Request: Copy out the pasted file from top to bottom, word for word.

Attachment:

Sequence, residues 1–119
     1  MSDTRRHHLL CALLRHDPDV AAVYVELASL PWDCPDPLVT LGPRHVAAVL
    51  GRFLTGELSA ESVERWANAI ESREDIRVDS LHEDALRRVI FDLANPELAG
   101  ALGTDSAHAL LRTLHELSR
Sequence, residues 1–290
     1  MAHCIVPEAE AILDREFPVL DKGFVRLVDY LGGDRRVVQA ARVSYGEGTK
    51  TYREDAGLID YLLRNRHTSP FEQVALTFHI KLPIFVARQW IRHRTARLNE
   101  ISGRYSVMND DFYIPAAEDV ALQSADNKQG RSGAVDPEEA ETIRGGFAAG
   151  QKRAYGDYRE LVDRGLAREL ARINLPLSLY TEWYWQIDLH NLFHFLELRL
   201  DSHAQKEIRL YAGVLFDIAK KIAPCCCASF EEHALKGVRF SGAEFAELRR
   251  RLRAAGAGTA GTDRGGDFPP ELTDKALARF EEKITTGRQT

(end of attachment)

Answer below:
Sequence, residues 1–119
     1  MSDTRRHHLL CALLRHDPDV AAVYVELASL PWDCPDPLVT LGPRHVAAVL
    51  GRFLTGELSA ESVERWANAI ESREDIRVDS LHEDALRRVI FDLANPELAG
   101  ALGTDSAHAL LRTLHELSR
Sequence, residues 1–290
     1  MAHCIVPEAE AILDREFPVL DKGFVRLVDY LGGDRRVVQA ARVSYGEGTK
    51  TYREDAGLID YLLRNRHTSP FEQVALTFHI KLPIFVARQW IRHRTARLNE
   101  ISGRYSVMND DFYIPAAEDV ALQSADNKQG RSGAVDPEEA ETIRGGFAAG
   151  QKRAYGDYRE LVDRGLAREL ARINLPLSLY TEWYWQIDLH NLFHFLELRL
   201  DSHAQKEIRL YAGVLFDIAK KIAPCCCASF EEHALKGVRF SGAEFAELRR
   251  RLRAAGAGTA GTDRGGDFPP ELTDKALARF EEKITTGRQT